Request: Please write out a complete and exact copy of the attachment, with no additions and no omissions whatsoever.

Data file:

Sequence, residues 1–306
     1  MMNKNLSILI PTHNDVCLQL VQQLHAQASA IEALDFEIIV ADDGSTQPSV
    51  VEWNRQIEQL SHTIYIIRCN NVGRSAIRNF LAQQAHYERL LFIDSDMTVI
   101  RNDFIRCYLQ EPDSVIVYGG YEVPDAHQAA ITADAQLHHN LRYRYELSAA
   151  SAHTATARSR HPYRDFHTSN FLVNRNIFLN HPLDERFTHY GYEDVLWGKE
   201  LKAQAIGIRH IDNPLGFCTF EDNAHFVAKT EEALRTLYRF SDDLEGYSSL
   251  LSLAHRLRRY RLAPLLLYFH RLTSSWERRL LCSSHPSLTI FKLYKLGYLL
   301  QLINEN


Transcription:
Sequence, residues 1–306
     1  MMNKNLSILI PTHNDVCLQL VQQLHAQASA IEALDFEIIV ADDGSTQPSV
    51  VEWNRQIEQL SHTIYIIRCN NVGRSAIRNF LAQQAHYERL LFIDSDMTVI
   101  RNDFIRCYLQ EPDSVIVYGG YEVPDAHQAA ITADAQLHHN LRYRYELSAA
   151  SAHTATARSR HPYRDFHTSN FLVNRNIFLN HPLDERFTHY GYEDVLWGKE
   201  LKAQAIGIRH IDNPLGFCTF EDNAHFVAKT EEALRTLYRF SDDLEGYSSL
   251  LSLAHRLRRY RLAPLLLYFH RLTSSWERRL LCSSHPSLTI FKLYKLGYLL
   301  QLINEN